Tag: creating culture

Back from #PaidFamilyLeave

I started a paid family leave on January 3rd, when my wife and I welcomed Baby Ellis, as his big brother calls him, into the world. I just made the transition back to office life from my six week stint at a stay at home mom.

I’m incredibly fortunate to have an employer who introduced six weeks of paid parental leave as a benefit for all employees last year around this time. The intention was to provide our employees with time to spend bonding with the newest member(s) of their family without worrying about the amount of vacation/sick time they had stored up or what they’d do if they didn’t have a paycheck coming in. When you remove those kinds of stressors, it creates a healthier environment at home for all that good stuff to happen.

When our three year old was born in November 2014, we didn’t have that benefit. Not a lot of companies did. I used two weeks of sick time to be there during his birth, our hospital stay and about 1.5 weeks of being at home. My wife had an emergency C-section after 44 hours of labor and ended up needing a blood transfusion while she was in the hospital.

And then she struggled with postpartum depression, along with 15% of women that give birth, as she adjusted to being alone with a newborn seven days after major surgery with complications. That’s a brutal thing we ask parents to do and yet, as a country, that’s what we expect them to do.

I’m not saying anything could have made her PPD not happen three years ago. Those things happen. But what would have made a world of difference to our family is knowing that I could be there to support our transition of adding another human to our family.

Parents and children deserve the right to start off their lives together with as much support as they can get. We need to keep talking about it. If it doesn’t apply to you directly, I guarantee it will impact someone you work with. And you know it’s easier to work with someone that’s not stressed out all the time, right?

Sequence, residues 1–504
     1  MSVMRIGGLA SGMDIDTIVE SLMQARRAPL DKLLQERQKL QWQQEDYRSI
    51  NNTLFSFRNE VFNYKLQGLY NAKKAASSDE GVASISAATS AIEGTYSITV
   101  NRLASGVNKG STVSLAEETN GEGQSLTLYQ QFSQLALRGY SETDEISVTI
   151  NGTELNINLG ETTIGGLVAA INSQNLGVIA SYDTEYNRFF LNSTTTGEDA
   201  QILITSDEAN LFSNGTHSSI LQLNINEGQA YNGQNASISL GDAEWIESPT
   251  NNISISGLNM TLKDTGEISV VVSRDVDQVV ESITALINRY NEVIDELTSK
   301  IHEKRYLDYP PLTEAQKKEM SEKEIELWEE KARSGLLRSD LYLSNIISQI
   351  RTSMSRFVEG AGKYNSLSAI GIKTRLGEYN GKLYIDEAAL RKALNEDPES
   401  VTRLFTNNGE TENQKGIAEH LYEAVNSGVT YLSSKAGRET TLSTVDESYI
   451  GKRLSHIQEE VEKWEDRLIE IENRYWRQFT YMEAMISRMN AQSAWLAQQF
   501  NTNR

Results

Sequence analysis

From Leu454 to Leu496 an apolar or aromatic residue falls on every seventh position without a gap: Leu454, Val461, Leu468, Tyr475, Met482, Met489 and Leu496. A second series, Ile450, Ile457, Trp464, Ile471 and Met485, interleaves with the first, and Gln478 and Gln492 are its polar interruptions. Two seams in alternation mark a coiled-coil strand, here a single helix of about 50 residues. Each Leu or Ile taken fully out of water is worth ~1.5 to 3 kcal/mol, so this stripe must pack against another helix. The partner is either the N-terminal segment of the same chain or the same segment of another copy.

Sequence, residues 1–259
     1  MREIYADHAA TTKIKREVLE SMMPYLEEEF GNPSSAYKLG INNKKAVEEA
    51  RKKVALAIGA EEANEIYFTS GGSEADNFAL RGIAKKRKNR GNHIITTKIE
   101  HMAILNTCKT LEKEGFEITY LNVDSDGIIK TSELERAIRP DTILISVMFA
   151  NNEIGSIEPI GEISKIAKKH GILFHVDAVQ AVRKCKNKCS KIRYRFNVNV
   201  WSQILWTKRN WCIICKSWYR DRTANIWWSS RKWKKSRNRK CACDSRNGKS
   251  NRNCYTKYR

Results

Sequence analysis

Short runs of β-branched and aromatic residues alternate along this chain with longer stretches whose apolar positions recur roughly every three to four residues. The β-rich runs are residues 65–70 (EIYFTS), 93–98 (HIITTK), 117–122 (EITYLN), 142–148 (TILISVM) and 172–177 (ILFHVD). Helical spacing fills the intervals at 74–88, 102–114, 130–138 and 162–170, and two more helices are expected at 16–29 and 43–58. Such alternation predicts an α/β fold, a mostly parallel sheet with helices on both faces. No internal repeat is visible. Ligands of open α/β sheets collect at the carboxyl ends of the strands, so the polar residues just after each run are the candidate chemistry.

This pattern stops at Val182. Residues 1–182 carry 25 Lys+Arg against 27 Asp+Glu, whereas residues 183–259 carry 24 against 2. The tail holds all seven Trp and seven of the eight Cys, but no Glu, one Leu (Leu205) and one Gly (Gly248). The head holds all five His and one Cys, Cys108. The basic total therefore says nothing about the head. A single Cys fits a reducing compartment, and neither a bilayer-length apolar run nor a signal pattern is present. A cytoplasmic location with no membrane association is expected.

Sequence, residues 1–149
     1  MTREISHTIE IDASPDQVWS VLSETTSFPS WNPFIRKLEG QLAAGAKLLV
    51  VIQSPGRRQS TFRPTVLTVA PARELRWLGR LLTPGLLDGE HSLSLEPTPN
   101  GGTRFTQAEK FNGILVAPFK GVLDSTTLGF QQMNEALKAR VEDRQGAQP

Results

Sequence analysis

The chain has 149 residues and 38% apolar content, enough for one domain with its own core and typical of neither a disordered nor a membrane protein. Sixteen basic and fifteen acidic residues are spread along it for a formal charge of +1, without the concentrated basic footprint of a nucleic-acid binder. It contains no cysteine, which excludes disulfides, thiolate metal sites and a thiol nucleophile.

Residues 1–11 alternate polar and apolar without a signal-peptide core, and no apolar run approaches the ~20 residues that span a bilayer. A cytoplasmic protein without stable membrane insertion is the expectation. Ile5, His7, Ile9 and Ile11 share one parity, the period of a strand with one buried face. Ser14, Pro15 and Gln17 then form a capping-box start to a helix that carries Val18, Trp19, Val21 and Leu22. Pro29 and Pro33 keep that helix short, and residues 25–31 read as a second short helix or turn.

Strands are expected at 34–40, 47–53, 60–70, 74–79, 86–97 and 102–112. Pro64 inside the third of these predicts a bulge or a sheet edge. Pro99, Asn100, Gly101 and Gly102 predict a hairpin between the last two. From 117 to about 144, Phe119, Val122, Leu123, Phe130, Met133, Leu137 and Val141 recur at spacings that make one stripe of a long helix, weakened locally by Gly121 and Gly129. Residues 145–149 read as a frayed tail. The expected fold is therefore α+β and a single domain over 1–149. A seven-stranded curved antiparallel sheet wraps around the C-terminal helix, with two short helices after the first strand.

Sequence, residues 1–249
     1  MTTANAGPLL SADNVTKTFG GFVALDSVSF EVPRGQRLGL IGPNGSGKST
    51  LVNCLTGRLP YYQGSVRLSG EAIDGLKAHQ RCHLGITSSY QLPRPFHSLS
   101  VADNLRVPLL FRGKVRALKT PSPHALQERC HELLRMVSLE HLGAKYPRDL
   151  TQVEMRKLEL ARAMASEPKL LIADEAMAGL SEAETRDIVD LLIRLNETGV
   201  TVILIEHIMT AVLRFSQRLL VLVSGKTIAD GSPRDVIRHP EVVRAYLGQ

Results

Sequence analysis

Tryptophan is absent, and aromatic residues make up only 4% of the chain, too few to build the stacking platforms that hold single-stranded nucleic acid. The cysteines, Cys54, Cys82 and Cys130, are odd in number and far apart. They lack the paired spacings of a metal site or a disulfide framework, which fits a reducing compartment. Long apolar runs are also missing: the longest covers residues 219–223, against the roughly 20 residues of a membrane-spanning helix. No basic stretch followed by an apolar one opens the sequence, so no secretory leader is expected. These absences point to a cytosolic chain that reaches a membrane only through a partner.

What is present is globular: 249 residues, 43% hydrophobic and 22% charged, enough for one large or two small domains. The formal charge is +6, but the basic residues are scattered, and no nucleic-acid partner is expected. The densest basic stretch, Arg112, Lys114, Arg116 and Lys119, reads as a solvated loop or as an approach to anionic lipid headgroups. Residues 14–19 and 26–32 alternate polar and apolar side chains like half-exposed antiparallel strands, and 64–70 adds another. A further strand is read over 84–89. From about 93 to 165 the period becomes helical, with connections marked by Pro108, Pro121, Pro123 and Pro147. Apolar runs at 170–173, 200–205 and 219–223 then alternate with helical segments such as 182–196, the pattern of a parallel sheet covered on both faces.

Keep talking. Keep telling your stories. Encourage your non-HR friends to start the conversation, too. This isn’t a controversial topic, you guys. We can all work on making this happen together.

Photo by Amy at Amy Wurdock Photography.

What else can I get for you?

First things first, here’s your formal introduction to Ellis Berry. Born on January 3rd at 2:49pm. He weighed 9 lbs 14 oz and 21 inches long at birth. I can confidently say we’re all in love over here.

We experienced a lot of really amazing care from everyone during our hospital stay – nurses, doctors, acupuncturists, nursing assistants, room cleaning folks, you name it. It’s been exactly what we’ve needed to get through these last few emotion-filled days.

What I’ve noticed is that we were constantly asked, “What else can I get for you?” by these folks. And they mean it. It’s not a yes or no question, because we’re all “fine” and don’t need any other help because we don’t want to put anybody out or be a burden or all those other things we tell ourselves because we don’t want to ask for help. And it’s because these people who work at this hospital are working in a culture where they really want to help.

It’s pushed me to realize there is zero reason why I shouldn’t do that every day as an HR professional and as a leader. Think about the millions of applicable ways you can fit that question into your world.

Here are a couple from mine:

  • Employee has a question about X benefit. You answer exactly what they ask. But benefits are tricky sometimes. You ask them what other questions they have about it. You just opened a door that will all you to make them confident on something that impacts their lives. With one extra question.
  • As a leader, you try to meet with your employees regularly, right? Maybe it tends to be just a bunch of status or project updates or maybe it’s a difficult conversation for one or both of you. Before that meeting is over, what if you said, “What else do you need from me?” after every single meeting? (To be fair, I’m stealing this example from a couple of incredible leaders I’ve had.) That builds a partnership and a piece of support that encourages your employee to feel comfortable asking you for help.

In both examples, you will build trust. You’ll be able to better help the next person. You can begin to identify areas of improvement in what you, your team or your company does. You’ll be able to keep open lines of communication and foster so much more collaboration.

As long as you’re genuine and authentic in asking, I don’t know how you could possibly go wrong with asking just one more question.